Afghanistan Flag Afghan War News



Afghan Report

Daily Read

Kabul NEO



Site Map

Follow @AfghanWarBlog


This website is an Amazon Associate and earns money for qualifying purchases.




Corruption in Afghanistan

"Corruption is the existential, strategic threat to Afghanistan".
                            General John R. Allen, USMC, former COMISAF

Kleptocracy - "a term for systematic corruption and thievery
by the state or state-sanctioned corruption".

"Corruption alienates key elements of the population, discredits
the government and security forces, undermines international support,
subverts state functions and rule of law, robs the state of revenue,
and creates barriers to economic growth".
DoD, Joint and Coalition Operational Analysis (JCOA), division of Joint Staff J-7,
Operationalizing Counter/Anti-Corruption Study, 2/28/2014.

Afghanistan is one of the most corrupt nations in the world. According to most international observers North Korea and Somalia rank one and two; so Afghanistan is the third most corrupt nation in the world. The former President of Afghanistan, Hamid Karzai, was an extremely corrupt leader and was responsible for much of the dysfunction of the Afghan government. The basic form of government in Afghanistan under Karzai was known as "governance through patronage". The International Security Assistance Force (ISAF) and other organizations are trying to lessen the amount of corruption and the harm that it causes but progress is extremely slow - and very little progress has been made.  A huge concern among many diplomatic and military leaders is that Afghan corruption drives people to support the Taliban. Many cite corruption as the number one threat to the government of Afghanistan; with the Taliban as a lesser threat.

"Corruption of government officials could be a root cause that led to the insurgency. Providing legal guidance and assistance to the transitional government mitigates the near-term effects of corruption. Long-term measures ensure lasting success. Corruption and graft can hinder efforts to establish governance, restore rule of law, or institute economic recovery. While some level of corruption is common to many cultures, its existence can unhinge reform efforts and put the entire mission at risk. Essential tasks may include an initial response in which military forces create mechanisms to curtail corruption across government institutions. Units must decide if there is an acceptable level of corruption in the HN society".
Field Manual 3-24.2   9.

Afghanistans' Corruption Ranking in the World. Afghanistan consistently is ranked as one of the most corrupt nations. Year after year Afghanistan is in the top five of the world. The Corruption Perceptions Index 2013 provided by Transparency International in December 2013 ranked Afghanistan as 175th out of 177 nations; tied with Somalia and North Korea.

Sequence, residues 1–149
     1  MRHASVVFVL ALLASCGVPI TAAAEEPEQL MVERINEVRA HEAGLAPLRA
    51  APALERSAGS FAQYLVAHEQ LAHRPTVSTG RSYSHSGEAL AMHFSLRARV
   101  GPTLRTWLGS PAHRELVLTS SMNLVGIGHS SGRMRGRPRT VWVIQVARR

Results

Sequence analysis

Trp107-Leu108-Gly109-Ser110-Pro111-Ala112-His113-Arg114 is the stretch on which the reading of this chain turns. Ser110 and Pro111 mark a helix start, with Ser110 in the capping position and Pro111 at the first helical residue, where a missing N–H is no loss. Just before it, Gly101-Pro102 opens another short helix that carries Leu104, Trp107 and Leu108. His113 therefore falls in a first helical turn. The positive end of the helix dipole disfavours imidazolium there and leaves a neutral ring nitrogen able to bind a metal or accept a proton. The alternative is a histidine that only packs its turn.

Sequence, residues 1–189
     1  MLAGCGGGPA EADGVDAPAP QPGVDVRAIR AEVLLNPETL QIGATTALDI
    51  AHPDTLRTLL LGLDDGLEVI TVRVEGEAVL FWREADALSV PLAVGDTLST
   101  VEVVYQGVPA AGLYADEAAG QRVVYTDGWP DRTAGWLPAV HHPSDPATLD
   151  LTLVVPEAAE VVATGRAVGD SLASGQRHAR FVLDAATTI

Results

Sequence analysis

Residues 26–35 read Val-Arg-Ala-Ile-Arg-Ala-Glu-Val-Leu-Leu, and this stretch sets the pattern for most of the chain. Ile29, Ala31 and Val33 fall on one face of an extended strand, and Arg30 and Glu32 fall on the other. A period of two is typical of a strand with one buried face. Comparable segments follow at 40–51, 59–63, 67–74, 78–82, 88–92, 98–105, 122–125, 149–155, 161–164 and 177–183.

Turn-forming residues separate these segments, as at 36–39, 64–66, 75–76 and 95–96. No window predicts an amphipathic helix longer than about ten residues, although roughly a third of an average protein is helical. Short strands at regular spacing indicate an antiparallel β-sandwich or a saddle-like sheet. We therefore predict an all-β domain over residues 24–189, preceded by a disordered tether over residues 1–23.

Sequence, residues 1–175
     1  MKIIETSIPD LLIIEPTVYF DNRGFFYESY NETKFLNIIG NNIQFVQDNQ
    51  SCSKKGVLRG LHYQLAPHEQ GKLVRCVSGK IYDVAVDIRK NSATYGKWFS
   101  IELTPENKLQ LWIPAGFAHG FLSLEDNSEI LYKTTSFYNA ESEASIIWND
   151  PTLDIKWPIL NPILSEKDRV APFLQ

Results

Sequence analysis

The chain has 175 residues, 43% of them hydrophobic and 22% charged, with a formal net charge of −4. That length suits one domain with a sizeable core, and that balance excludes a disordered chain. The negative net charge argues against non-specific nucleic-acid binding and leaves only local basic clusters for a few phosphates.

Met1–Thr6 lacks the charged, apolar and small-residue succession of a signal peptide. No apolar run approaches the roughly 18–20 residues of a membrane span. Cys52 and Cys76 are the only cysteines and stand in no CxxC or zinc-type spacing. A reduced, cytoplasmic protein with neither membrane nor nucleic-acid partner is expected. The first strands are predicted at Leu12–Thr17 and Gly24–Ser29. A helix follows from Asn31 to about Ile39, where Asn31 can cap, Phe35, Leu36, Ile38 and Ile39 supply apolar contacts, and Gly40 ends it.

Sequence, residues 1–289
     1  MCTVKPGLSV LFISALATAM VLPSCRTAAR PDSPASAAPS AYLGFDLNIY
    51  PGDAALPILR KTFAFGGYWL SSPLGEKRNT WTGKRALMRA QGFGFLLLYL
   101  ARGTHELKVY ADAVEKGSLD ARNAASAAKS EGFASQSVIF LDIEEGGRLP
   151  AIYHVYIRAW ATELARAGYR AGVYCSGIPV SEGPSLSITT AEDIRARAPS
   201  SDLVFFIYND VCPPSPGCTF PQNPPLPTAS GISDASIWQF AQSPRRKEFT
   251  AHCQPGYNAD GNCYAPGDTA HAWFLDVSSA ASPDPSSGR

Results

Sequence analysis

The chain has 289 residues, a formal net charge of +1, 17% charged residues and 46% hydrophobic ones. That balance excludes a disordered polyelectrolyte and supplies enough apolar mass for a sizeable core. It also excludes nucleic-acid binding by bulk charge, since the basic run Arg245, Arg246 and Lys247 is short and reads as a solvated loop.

Types of Corruption.  There are many types of corruption that undermine the ISAF mission in Afghanistan.  Three broad categories of corruption are economic corruption, criminal and patronage networks, and petty corruption.  Economic corruption includes extortion, "tax" contracts, and significant diversion of foreign assistance from donor nations.  Criminal and patronage networks facilitate illicit drug trafficking, provide money to insurgents, and subvert the government and security institutions.  Petty corruption involves lower level government officials usually in the form of bribes.

Underlying Contributors to Corruption.  There are a lot of factors that aid the corruption process in Afghanistan.  In general, there is a lack of knowledge on how damaging corruption is to the counterinsurgency effort, lack of credibility and trust in the Afghan government, and the support that the population provides to the insurgents as a result of a corrupt governmental system.  The immense amount of money that is pushed into Afghanistan in the form of aid and development assistance is damaging because of a lack of control over what the Government of Afghanistan does with it - there are no "controls" that provide the donor nations and organizations with "leverage" to keep the corruption in check.  On one hand we (ISAF) are attempting to connect the population to the government in an effort to strengthen the authority and legitimacy of the government.  But on the other hand the Afghan government is corrupt and this risks alienating the population and strengthening the insurgency.

An American Soldiers' Definition of Corruption. On the first day of his tour in Afghanistan an American Soldier will say that "Corruption is when an Afghan general gives a high-paying job to his nephew". On the last day of his tour in Afghanistan an American Soldier will say that "Corruption is when an Afghan general doesn't give a high-paying job to his nephew".

"In Afghanistan, ISAF's mission did not begin to address corruption issues until
2007. It took nine years - until 2012 - for mitigating the impact of corruption to
 become a line of engagement in the ISAF Operations Plan." 

International Organizations Combating Afghan Corruption

Corruption in Afghanistan